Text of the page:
7) Buyer is asking too much in the way of Seller-Concessions for repairs or money for Buyer’s closing-costs. In the end, it’s all about the NET OFFER to the seller. In most cases, the Seller will opt NOT to accept THOSE offers because they perceive financially-challenged buyers {who lack the funds for closing-costs} as having a higher risk of having a minor financial need during the escrow period which could absorb or exhaust the money they set aside for down-payment or as cash-reserves. This would, of course cause the transaction to CANCEL in most cases. Regarding a requests for repairs, often the Seller is interested in finalizing the transaction in a much shorter time-period than what would be required if repairs need to be made. Consequently, you’ll find many of THOSE homes marketed at price-points low enough to allow for only Cash-Buyers or Cash-Investors who recognize the Seller has already priced the listing as per it’s current condition. (Some buyers walk in and say, “I think we’ll offer less because it needs all this work” —Attention Buyer’s… In most cases of Bank-Owned homes, the current condition of the home has already been taken into account in arriving at the list-price)

8) Buyer is Offering too much for the house. That’s right, TOO MUCH. In their desperation, often buyer’s and their representing realtors will choose to institute a strategy of “Let’s just write all of our offers at $10k, $20k or $50k over list-price” (depending on the area). This strategy will often back-fire. You see, the Seller knows that this strategy is most often used by buyers with weak financial profiles (i.e.: needing closing-costs paid) or those buyers who perceive themselves as NOT being able to compete in the open market due to the type of financing they require (i.e…: FHA or VA). As such, a seller is sometimes more inclined to ACCEPT an offer from someone who is within the range of reasonably anticipated Appraisal Value than to simply jump on the highest priced offer which will ultimately need to be reduced anyway.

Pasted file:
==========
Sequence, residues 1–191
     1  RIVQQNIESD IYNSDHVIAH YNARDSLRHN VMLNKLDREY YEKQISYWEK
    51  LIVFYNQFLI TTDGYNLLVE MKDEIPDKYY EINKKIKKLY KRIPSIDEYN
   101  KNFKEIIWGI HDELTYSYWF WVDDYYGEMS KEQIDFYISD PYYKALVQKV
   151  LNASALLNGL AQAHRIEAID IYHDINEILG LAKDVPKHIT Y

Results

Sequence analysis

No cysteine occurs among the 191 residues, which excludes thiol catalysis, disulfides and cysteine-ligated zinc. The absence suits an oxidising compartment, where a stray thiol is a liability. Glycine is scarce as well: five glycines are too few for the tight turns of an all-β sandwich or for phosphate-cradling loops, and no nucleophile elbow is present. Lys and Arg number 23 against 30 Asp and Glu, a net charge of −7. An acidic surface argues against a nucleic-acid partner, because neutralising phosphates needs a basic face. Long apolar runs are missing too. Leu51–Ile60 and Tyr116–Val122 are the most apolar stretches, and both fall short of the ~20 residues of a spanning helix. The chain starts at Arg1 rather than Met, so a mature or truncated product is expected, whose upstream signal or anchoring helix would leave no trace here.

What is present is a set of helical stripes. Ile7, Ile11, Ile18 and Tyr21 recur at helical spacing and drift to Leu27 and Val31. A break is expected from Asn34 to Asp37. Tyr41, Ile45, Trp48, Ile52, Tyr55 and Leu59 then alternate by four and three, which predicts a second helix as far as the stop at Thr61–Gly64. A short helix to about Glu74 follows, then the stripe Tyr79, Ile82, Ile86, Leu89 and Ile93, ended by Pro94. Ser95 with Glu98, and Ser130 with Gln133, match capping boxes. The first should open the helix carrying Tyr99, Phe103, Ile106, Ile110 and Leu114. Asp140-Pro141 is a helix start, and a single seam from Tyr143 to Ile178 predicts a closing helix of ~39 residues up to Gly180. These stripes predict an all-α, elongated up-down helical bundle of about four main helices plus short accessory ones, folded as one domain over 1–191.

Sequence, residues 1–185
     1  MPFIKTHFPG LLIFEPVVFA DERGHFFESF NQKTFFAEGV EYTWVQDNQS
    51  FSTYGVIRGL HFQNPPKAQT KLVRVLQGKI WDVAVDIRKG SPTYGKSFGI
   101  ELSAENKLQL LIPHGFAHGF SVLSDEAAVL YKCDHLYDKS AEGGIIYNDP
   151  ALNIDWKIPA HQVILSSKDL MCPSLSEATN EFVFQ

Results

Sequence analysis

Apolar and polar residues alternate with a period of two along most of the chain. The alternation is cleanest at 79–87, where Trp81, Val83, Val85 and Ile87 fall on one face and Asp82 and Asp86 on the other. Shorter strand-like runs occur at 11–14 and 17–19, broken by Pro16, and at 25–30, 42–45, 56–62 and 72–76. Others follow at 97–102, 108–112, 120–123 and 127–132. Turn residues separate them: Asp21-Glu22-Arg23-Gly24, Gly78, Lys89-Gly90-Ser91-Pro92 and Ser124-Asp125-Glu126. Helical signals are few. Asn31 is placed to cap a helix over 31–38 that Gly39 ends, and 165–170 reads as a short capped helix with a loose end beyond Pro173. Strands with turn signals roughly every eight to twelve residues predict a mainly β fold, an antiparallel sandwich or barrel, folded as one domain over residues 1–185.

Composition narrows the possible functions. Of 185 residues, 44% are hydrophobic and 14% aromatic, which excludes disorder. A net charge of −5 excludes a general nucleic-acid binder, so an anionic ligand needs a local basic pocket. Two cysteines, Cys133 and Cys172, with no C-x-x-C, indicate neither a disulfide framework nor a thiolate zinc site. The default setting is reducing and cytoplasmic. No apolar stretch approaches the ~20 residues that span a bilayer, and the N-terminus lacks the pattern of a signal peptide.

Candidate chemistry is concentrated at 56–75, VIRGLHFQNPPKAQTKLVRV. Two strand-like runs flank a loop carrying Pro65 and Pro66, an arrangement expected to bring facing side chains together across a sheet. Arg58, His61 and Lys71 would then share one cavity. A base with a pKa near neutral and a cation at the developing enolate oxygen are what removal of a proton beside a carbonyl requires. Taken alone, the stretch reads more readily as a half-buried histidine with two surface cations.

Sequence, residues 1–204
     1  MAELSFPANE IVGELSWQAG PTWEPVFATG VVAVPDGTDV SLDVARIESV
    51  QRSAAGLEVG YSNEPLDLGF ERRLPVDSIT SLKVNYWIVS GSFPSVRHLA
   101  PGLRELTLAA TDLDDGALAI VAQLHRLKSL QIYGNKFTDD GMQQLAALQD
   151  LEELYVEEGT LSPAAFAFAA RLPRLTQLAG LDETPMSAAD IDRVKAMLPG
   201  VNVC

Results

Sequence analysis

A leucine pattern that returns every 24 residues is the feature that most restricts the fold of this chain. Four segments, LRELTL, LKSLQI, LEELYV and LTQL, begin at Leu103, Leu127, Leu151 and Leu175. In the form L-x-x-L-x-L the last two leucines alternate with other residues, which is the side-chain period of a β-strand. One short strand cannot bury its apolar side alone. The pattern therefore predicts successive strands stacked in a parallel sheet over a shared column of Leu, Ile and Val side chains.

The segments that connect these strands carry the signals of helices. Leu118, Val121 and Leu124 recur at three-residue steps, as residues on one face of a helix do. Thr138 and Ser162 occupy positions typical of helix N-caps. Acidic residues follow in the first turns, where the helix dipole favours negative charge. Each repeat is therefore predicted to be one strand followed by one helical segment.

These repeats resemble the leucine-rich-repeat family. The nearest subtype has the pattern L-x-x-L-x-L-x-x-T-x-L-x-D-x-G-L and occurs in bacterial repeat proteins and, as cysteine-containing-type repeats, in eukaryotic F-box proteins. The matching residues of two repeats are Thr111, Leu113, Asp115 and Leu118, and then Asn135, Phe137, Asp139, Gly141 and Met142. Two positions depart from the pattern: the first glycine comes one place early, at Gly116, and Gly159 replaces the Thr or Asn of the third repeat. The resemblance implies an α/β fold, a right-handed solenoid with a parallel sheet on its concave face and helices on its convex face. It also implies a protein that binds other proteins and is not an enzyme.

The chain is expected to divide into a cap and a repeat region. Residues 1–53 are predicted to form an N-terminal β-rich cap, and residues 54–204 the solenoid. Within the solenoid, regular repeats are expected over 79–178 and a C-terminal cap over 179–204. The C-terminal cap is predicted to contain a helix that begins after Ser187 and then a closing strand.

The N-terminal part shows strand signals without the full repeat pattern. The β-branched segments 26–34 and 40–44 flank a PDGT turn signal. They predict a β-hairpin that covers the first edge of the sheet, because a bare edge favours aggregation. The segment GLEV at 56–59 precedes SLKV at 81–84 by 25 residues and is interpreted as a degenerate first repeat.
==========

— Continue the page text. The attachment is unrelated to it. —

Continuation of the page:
9) Employing the strategy of “…Let’s start low and see what they say… they can always send us a counter-offer”. WRONG! Don’t fall for this trap. If one seeks to buy a home in some of the very competitive areas of Southern California, it’s important to know that in most cases, you’ll only get ONE-SHOT at submitting an offer. This is because the homes in good condition or with the lowest prices, or in the most desirable areas, will almost ALWAYS get multiple-offers. Sometimes as many as 30 to 40 if a listing-agent doesn’t check out their email in-box or fax machine over a weekend. In the competitive market climates, you’re almost always best to work closely with your realtor to prepare your HIGHEST & BEST offer up-front and submit THAT.